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Tramp: The Life of Charlie Chaplin by Joyce…
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Tramp: The Life of Charlie Chaplin

by Joyce Milton

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Amazon.com Amazon.com Review (ISBN 0060170522, Hardcover)

Charlie Chaplin is an enigmatic figure: famous throughout the world in the early days of Hollywood, his celebrity as the silent movie tramp/clown endures; yet he was also active in radical social politics, and later went into exile amid a swirl of rumor and invective concerning his Communist Party connections. Chaplin wrote his own rather selective autobiography, and has been the subject of several memoirs. Milton deals with his tempestuous marriages and with his work, but concentrates on his political life. She analyzes his political naiveté and inconsistency, while locating the source of his left-wing sympathies. The image of the tramp, it transpires, was no accidental movie persona.

(retrieved from Amazon Thu, 12 Mar 2015 18:24:46 -0400)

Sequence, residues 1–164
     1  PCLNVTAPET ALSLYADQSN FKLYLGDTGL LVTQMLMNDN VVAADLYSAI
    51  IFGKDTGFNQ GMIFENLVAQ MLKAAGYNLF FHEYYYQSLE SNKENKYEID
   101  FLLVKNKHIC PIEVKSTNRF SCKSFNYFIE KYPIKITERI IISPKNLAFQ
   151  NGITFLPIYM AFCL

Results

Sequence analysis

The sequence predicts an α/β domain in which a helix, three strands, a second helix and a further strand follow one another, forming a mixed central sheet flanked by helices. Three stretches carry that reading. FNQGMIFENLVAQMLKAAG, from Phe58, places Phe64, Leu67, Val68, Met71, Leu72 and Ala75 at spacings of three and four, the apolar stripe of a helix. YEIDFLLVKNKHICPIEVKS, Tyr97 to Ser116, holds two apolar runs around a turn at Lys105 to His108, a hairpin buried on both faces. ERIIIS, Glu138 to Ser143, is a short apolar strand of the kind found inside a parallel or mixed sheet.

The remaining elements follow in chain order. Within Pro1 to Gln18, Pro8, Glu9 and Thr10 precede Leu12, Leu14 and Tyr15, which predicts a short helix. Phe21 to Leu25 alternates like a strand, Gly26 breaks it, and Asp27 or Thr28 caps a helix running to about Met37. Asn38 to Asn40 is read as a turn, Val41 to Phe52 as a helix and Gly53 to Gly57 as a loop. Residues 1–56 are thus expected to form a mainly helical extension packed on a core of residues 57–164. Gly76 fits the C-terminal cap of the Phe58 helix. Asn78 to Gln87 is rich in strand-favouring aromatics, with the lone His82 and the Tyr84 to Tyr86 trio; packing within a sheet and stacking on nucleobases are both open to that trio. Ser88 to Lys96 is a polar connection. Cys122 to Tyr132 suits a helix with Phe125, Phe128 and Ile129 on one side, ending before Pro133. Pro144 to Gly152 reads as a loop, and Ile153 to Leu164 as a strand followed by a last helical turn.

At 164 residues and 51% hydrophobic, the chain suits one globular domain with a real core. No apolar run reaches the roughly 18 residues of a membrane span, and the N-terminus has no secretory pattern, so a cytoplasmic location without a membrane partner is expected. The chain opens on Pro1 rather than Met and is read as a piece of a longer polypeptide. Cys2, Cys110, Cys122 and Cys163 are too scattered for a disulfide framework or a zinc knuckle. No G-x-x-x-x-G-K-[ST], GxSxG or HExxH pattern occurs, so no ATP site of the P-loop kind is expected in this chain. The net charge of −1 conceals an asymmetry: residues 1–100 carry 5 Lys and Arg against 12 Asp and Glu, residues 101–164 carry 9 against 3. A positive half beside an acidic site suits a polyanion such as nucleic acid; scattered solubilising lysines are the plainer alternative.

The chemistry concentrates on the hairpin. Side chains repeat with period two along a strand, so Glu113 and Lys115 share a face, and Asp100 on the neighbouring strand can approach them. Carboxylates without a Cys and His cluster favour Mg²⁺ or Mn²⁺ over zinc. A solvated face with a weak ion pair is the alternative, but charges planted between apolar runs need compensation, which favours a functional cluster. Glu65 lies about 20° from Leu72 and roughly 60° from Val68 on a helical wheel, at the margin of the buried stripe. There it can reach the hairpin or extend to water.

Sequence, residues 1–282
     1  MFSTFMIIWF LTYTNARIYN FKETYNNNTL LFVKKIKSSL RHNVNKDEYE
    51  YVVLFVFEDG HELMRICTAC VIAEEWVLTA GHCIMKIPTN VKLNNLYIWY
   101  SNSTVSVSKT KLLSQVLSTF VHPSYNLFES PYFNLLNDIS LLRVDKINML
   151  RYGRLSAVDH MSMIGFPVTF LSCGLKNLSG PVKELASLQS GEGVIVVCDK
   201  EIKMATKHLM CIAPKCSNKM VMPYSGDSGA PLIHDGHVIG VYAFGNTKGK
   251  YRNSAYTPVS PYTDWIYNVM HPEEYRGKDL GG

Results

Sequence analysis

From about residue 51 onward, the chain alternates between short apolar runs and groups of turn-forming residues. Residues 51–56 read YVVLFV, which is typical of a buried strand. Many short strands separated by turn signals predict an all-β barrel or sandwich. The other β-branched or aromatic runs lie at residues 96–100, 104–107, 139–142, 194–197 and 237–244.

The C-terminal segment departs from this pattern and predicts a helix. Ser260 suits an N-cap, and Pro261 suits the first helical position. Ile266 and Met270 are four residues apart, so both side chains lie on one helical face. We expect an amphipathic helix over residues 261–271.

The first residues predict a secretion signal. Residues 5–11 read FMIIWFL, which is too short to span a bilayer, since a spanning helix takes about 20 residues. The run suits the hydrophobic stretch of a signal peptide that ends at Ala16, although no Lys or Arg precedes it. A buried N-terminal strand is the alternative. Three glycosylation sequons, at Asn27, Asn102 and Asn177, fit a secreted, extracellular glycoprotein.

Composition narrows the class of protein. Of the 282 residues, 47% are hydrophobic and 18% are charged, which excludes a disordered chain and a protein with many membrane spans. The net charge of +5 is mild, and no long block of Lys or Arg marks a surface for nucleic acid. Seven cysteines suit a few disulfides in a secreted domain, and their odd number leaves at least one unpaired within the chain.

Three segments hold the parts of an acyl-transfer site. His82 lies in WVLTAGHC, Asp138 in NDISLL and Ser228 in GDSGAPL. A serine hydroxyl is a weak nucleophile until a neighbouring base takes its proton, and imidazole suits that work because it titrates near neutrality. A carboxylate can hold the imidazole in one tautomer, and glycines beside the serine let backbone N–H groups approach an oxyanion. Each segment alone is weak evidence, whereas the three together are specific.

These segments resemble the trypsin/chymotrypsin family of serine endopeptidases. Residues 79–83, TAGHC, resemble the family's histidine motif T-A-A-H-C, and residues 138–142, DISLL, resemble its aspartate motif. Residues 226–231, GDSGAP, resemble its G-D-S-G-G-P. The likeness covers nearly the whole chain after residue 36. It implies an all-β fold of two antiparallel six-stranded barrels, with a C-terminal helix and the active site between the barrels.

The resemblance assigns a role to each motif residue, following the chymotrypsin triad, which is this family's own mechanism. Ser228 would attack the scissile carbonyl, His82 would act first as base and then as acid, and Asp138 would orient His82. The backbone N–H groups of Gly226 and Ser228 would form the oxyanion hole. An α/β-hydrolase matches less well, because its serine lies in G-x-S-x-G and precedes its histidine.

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British-born Charlie Chaplin was not only the world's first international movie star but one of the most loved, hated, and gossiped-about figures in film history. In her colorful and absorbing biography of the mercurial Chaplin, Joyce Milton takes us from his childhood in the London slums and his early days as a music hall entertainer through his meteoric rise and the full flowering of his artistic genius in the American film world to his exile in Europe during the 1950s, the heyday of McCarthyism and Red-baiting. The Keystone comedies era and Chaplin's emergence as a star and director make a fascinating story, peopled by the likes of Mack Sennett, Fatty Arbuckle, Mabel Normand, Wallace Beery, and Edna Purviance. His founding of United Artists in 1919, with Mary Pickford and Douglas Fairbanks, was seminal, giving him a control over his own films that no other writer, actor, or director could hope for under the studio system at the time.Hollywood in the twenties and thirties makes today's film community seem puritanical by comparison, and Chaplin was a key figure in many of the gamier scandals. Successful, handsome, and a mega-star, he developed a reputation as a seducer of very young women - his second wife, Lita Grey, was fifteen when they became involved, and he married Oona O'Neill, his fourth, when she was eighteen. Fighting a paternity suit and accusations of plagiarism, communism, pacifism, libertinism, and anti-Americanism, Chaplin nevertheless managed to make seventy-one films by the time he was thirty-three years old - with some of his finest work still ahead of him (The Gold Rush, City Lights, Modern Times, and The Great Dictator).To date only sanitized versions of Chaplin's life have been told, and no biography has yet placed Chaplin in an American context. A strong, determined artist - at once charming and vulnerable but also vain, arrogant, and egotistical - Chaplin fought hard to overcome early hardships, and suffered greatly when the character he created - the Tramp, the Little Fellow - was rendered obsolete by age, changing audience tastes, and the advent of talkies. Joyce Milton's probing and revelatory biography explores the psychological and social roots of Chaplin's art, politics, love life, and friendships through the course of a tumultuous life, at once rich and confounding.… (more)

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